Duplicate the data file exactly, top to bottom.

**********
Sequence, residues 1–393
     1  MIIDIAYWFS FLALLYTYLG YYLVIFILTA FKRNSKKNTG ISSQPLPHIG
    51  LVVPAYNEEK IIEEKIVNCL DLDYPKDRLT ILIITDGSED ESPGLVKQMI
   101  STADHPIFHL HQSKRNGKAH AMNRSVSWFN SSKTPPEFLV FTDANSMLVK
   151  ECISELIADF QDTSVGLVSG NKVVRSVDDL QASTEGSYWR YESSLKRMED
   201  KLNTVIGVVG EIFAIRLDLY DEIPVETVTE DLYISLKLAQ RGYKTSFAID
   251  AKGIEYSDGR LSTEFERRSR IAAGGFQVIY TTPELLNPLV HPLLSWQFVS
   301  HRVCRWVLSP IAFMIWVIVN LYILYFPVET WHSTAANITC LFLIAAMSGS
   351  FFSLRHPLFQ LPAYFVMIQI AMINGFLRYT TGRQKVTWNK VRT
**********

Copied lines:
Sequence, residues 1–393
     1  MIIDIAYWFS FLALLYTYLG YYLVIFILTA FKRNSKKNTG ISSQPLPHIG
    51  LVVPAYNEEK IIEEKIVNCL DLDYPKDRLT ILIITDGSED ESPGLVKQMI
   101  STADHPIFHL HQSKRNGKAH AMNRSVSWFN SSKTPPEFLV FTDANSMLVK
   151  ECISELIADF QDTSVGLVSG NKVVRSVDDL QASTEGSYWR YESSLKRMED
   201  KLNTVIGVVG EIFAIRLDLY DEIPVETVTE DLYISLKLAQ RGYKTSFAID
   251  AKGIEYSDGR LSTEFERRSR IAAGGFQVIY TTPELLNPLV HPLLSWQFVS
   301  HRVCRWVLSP IAFMIWVIVN LYILYFPVET WHSTAANITC LFLIAAMSGS
   351  FFSLRHPLFQ LPAYFVMIQI AMINGFLRYT TGRQKVTWNK VRT